Yesterday I had the 23-y-o all to myself for several indulgent hours while Handsome Chef Boyfriend played golf, something he does exceedingly well but has far too little time to do. And wouldn’t you know the instant my son and I pulled out of the golf course we met a jeep in traffic whose driver spotted our plates, said he was from Rutland, and wondered where in Vermont we were from. Betcha we found the only Vermonter in all of Wilmington. What were the odds?

Then last night the three of us struck out for The Pilot House, a celebrated restaurant in a historic downtown structure. Sadly, we could not celebrate the pricey, pedestrian food and lackluster service that eclipsed the charm of the place, but still enjoyed our nighttime walk afterwards in downtown Wilmington.

Today our city touring continued after a brief howdy and bakery dropoff for my colleagues at the Wilmington offices of one EightOhTwo Digital Marketing (NineOneOh Digital Marketing here, say the snazzy new coffee mugs), my employer back home in Vermont. We had late lunch at a downtown dive called The Dixie Grill, less expensive by a mile and far superior to our dinner last night. We walked and walked and my lens found no shortage of the vernacular historic architecture I love so much. I need several more weeks on the ground here.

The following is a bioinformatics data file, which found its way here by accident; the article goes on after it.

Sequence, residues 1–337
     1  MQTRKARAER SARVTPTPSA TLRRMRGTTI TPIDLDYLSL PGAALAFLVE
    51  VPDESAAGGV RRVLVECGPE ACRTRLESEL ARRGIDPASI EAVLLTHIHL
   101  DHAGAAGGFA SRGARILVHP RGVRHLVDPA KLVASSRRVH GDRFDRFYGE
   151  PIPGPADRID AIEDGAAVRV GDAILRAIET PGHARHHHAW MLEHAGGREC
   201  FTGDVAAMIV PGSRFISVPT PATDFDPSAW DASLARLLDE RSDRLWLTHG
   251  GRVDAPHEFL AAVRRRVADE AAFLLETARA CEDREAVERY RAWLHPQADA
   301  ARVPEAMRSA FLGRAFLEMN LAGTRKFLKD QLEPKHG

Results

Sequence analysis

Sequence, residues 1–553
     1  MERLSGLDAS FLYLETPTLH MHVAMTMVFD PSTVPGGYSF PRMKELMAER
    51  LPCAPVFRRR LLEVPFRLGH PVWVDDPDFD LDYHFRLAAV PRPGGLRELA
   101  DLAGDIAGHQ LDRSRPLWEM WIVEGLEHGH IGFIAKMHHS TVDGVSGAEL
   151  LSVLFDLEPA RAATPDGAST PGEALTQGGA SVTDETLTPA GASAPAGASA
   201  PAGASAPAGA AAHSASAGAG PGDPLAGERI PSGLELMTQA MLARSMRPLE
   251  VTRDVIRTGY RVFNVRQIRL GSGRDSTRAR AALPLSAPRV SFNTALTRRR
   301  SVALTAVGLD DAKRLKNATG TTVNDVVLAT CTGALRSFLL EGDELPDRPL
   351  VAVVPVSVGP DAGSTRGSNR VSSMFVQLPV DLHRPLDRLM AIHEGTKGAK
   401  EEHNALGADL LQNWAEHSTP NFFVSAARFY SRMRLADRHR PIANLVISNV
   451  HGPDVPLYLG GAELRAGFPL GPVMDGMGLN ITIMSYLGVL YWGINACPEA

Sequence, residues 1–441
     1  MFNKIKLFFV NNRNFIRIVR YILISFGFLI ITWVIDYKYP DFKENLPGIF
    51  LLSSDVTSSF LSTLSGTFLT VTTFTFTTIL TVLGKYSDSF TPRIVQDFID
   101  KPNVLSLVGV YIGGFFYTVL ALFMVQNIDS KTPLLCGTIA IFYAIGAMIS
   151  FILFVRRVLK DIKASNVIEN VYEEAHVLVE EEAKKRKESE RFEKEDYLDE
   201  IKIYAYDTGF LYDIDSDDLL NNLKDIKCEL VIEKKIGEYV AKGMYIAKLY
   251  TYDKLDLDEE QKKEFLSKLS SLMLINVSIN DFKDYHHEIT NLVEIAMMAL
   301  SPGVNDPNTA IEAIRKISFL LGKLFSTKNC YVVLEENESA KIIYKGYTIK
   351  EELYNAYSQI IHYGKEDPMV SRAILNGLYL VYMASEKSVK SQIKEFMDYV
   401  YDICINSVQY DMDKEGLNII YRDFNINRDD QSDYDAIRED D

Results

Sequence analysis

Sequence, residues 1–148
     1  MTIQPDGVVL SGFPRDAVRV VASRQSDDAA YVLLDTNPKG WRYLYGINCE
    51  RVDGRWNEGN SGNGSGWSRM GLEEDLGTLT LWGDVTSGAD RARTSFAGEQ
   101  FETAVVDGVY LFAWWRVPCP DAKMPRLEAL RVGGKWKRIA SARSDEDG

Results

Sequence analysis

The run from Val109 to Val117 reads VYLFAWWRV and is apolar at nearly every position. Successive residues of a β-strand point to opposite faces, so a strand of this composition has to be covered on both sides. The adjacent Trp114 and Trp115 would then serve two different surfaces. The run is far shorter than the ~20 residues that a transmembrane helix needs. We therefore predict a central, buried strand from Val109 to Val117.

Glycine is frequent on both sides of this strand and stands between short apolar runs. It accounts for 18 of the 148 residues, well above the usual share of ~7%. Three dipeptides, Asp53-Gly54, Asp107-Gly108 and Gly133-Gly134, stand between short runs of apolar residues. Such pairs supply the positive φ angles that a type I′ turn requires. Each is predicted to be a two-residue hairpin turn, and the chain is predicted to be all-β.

Nightlife thrives in downtown Wilmington, the city’s main thoroughfares teeming with just about any kind of watering hole a person could want, live music and canned spilling out onto sidewalks everywhere you walk, sometimes on the sidewalks themselves—even on a Wednesday night. I could tell the young man with us was coveting a little social action he is not likely to get in the company of HCB and his mama. (Not to worry, we’re headed to this spot tomorrow night.) Wilmington is quirky, interesting; the city possesses much beauty, some of it shiny and new, some gritty and ancient, with a healthy dose of kitsch thrown in for good measure. The people in Wilmington seem friendly and pleasant, the economy strong: her vitals appear healthy.